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Satellites Unraveling Soil Moisture and Weather Patterns


As floodwaters drowned crops and submerged towns across Texas and Oklahoma last summer, media cameras captured hundreds of images of the damage.

But 426 miles above the earth, a much more sophisticated eye was taking it all in.

NASA launched its Soil Moisture Active Passive (SMAP) satellite in January 2015. The satellite was designed to use a unique combination of microwave sensors and radar to collect global soil moisture and freeze-thaw data from the top 2 inches of soil every two to three days.

For a year and a half, the satellite has been circling the globe, and the data it sends down to Earth is already being used by a multitude of parties, from the National Agricultural Statistics Service and the National Drought Mitigation Center to the U.S. military.

SMAP researchers are using weather stations and instruments across the world to validate the satellite’s readings and fine tune the algorithms that retrieve its data. Yet already, scientists are culling data to improve flood models, monitor drought, improve weather forecasting, predict dust storms and vastly improve soil moisture and crop monitoring.

But the satellite’s orbit has not been all smooth soaring. A technological glitch has greatly reduced the resolution of its data, and — like every brand new space mission — the length of its eventual mission life is uncertain.

A blurrier view than expected

By April 2015, the SMAP satellite was working perfectly — sending down streams of soil moisture data with an unprecedented resolution of 9 km, roughly 5.6 miles.

Through its data, scientists watched the fields and waterways of Oklahoma and Texas swell with water and slowly dry down — a valuable lesson on how the land responded to a record-breaking flood event after an historic drought, said Tom Jackson, a USDA-ARS hydrologist working to validate the satellite’s data.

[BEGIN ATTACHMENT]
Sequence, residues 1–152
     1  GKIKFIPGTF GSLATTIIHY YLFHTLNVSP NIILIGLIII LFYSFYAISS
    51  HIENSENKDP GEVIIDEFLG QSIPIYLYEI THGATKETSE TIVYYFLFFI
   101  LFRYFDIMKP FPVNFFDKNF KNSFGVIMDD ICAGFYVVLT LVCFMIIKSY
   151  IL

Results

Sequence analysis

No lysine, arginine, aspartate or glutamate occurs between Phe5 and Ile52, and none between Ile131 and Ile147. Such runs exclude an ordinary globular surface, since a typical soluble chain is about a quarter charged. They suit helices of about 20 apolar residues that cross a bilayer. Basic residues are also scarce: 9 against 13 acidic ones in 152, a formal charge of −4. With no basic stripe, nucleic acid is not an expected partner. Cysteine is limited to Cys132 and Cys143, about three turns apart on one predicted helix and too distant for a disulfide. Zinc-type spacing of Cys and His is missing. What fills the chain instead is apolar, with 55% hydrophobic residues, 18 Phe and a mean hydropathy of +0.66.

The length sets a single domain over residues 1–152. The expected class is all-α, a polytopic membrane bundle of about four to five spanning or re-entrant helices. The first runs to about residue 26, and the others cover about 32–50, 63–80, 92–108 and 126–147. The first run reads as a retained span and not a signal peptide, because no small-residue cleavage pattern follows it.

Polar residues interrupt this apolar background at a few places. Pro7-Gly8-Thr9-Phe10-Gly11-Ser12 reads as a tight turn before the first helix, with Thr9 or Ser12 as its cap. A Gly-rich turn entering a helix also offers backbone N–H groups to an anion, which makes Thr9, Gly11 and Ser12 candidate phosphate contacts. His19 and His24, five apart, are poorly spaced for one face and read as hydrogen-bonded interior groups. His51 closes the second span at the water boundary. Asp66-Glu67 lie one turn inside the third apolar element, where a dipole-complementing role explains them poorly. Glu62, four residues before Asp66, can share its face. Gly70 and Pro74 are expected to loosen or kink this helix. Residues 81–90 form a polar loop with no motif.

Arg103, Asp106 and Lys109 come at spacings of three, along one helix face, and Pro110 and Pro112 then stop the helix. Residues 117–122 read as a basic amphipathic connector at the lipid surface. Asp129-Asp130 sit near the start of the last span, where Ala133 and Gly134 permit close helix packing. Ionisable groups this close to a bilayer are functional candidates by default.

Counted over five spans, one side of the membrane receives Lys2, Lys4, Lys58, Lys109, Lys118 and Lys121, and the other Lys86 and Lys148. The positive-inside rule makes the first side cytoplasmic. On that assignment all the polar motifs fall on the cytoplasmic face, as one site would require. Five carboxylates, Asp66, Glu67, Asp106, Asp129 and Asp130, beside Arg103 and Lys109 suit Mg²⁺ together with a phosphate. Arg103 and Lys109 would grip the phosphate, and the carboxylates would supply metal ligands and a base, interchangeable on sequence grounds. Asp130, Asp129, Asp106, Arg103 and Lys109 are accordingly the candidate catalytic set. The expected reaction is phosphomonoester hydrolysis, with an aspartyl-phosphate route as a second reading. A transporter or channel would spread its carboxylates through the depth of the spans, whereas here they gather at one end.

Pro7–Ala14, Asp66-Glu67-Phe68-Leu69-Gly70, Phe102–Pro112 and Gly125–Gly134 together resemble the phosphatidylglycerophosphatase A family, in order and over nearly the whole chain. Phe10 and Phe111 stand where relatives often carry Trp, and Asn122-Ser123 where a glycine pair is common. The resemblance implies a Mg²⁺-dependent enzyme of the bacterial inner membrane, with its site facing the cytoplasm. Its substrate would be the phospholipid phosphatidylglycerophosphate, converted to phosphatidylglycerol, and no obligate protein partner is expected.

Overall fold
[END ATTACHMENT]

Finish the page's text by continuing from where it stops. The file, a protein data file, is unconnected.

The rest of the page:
Then, in early July 2015, the radar on the satellite abruptly died. For now, only the passive microwave sensor on the satellite is transmitting data. The long wavelengths this sensor detects give scientists a reliable and highly accurate view of soil moisture, but at a much coarser resolution of 40 km (about 25 miles), Jackson said.

This was a blow to early adopters of the program, conceded Susan Moran, a USDA-ARS research hydrologist based in Arizona. In particular, the U.S. military had hoped to rely on the high resolution data for detailed information on how well trucks and troops could move in parts of the world where they have no information on local weather conditions.

Nonetheless, the data still gives us an unprecedented view of global soil moisture, Jackson said. “It’s still the best instrument of its kind we’ve ever put up there,” he said.

NASA is now considering various ways to improve SMAP’s resolution. The options include altering SMAP’s orbit path to merge with the European Space Agency’s radar-driven Sentinel 1 satellite or using creative mathematical techniques to sharpen the data’s resolution.

A better picture of ag

Despite the lower resolution, a variety of organizations are already snagging the satellite’s data and using it to improve their vision of agriculture.

NASS relies heavily on 4,000 farmer and rancher “enumerators” around the country to produce its assessments of crop conditions and soil moisture. SMAP data is a gold mine of objective, reliable and accurate moisture data for the agency. It promises to sharpen NASS’s reporting and possibly replace part of that enumerator network, which would be a huge cost-savings to the agency, according to Rick Mueller, head of spatial analysis research at NASS.